Namibia – day 2

After the slightly chaotic feeling to the start of the trip and the overnight stay in Omaruru, day two began with an early rise with the aim of making it to the starting spot at camp at a reasonable time in the morning.

It was a fairly uneventful drive. A group of monkeys blocked the road at one point but scattered as the bus approached. And near to camp, the driver got us stuck in some sand. He and a couple of others took to using handfuls of what I assume was elephant shit, pushed under the bus wheels to improve traction.

When we met up with the rest of the trekkers and the support crew, the chaotic nature disappeared immediately and there was an air of professionalism about this. The scene was set – expectations for each of us, the expected dangers ahead, what to look out for, hand signals to use if we come close to wildlife, health and safety tips. It was comprehensive. An interesting point for me covered “the three ‘S’s”, those being snakes, spiders and scorpions. Naturally they should be avoided, although none of the spiders or scorpions in the Namib were capable of killing an adult (no similar comment was made on snakes), but, also, anyone seen killing or harming these creatures, or any others for that matter, would be taken off the trek.

That was a theme each day. We’re trekking through the Namib but we won’t be leaving any trail of our own other than footsteps. This included the procedures, if they could be called that, for going to the toilet in the desert, for brushing teeth, for eating snacks.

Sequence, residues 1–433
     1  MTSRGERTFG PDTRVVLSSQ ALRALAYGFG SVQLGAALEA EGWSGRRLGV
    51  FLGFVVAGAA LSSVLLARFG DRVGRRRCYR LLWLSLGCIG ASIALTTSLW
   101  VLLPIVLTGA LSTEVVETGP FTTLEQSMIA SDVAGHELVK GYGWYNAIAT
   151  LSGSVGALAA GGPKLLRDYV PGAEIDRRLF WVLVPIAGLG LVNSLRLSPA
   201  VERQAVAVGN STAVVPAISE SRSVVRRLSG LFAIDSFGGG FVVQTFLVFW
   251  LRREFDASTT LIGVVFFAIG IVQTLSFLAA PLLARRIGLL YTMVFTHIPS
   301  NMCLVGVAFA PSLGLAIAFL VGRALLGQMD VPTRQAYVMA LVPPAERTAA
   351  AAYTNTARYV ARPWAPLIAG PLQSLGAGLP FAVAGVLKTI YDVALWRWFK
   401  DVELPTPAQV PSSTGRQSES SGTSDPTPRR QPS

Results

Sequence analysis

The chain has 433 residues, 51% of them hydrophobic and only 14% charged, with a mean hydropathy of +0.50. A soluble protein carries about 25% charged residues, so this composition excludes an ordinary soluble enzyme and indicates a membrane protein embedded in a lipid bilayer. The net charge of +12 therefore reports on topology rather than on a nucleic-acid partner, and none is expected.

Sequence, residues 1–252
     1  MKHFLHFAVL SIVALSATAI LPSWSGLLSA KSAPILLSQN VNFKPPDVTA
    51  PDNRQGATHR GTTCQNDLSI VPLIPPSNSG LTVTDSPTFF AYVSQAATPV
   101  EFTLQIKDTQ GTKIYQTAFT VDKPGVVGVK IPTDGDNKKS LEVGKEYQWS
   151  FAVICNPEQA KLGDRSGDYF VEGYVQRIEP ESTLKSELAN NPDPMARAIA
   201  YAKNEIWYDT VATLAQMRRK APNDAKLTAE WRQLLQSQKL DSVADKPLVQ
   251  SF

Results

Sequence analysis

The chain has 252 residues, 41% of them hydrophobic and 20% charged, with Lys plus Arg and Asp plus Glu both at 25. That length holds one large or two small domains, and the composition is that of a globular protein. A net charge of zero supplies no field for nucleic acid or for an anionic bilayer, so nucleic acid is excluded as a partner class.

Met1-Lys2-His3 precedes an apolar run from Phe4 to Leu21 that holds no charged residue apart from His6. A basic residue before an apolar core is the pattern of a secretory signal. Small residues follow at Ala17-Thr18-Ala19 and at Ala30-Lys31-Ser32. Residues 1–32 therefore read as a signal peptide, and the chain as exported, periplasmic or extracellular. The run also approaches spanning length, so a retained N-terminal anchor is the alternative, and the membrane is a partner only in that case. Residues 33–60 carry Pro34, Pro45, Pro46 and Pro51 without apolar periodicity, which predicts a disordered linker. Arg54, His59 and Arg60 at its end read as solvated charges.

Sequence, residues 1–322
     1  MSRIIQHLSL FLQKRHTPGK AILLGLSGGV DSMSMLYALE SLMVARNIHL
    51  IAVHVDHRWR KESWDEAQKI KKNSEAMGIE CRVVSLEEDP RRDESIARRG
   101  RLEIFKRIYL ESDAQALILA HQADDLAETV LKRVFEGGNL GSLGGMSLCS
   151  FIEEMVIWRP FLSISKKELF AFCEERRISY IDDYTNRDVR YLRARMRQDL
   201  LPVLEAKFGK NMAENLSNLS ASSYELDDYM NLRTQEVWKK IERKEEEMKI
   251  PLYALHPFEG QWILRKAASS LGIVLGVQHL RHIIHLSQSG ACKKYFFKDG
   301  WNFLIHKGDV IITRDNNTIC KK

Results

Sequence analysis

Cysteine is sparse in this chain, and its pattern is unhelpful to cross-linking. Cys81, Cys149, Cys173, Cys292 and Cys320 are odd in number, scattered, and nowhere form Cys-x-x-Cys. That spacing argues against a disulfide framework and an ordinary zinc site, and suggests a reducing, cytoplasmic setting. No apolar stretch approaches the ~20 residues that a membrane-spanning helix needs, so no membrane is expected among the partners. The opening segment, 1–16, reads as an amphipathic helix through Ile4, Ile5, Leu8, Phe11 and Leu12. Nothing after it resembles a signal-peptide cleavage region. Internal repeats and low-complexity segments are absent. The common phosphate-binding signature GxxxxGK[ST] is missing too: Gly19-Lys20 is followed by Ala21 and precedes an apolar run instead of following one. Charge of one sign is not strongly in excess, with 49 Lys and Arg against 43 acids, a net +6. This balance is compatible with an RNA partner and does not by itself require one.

And with that, we were off. There was plenty of getting to know each other as the trip commenced properly, still very much in the shadow of the Brandberg Mountain. Right at the start we passed a group of ostrich, and a lone giraffe eyeing us casually as we passed by. It built up the hope for wildlife spotting over the next few days.

 

Day 1 was a reasonably tough start. Much of the route was sandy and tough to walk on. The sun was beating down, probably around the mid-30s, but enthusiasm and chat within the group kept everyone powering through the distance comfortably.

The scenery, for all it is entirely desolate, is stunning. It changed every couple of miles, as did the terrain underfoot. And at times we crossed over trails for zebra and springbok.

 

The first day as an intro to the trek was straightforward. It was more a ‘get to know you’, while we put in a few miles of trekking. Eventually the campsite came into view and we settled down for the evening by the campfire. And when the sun sets in the desert, it gets cold quickly.

 

All in all, the early start, the drive and the first few miles of trekking was more enjoyable than it was challenging. But it was a great start, and the best was yet to come.

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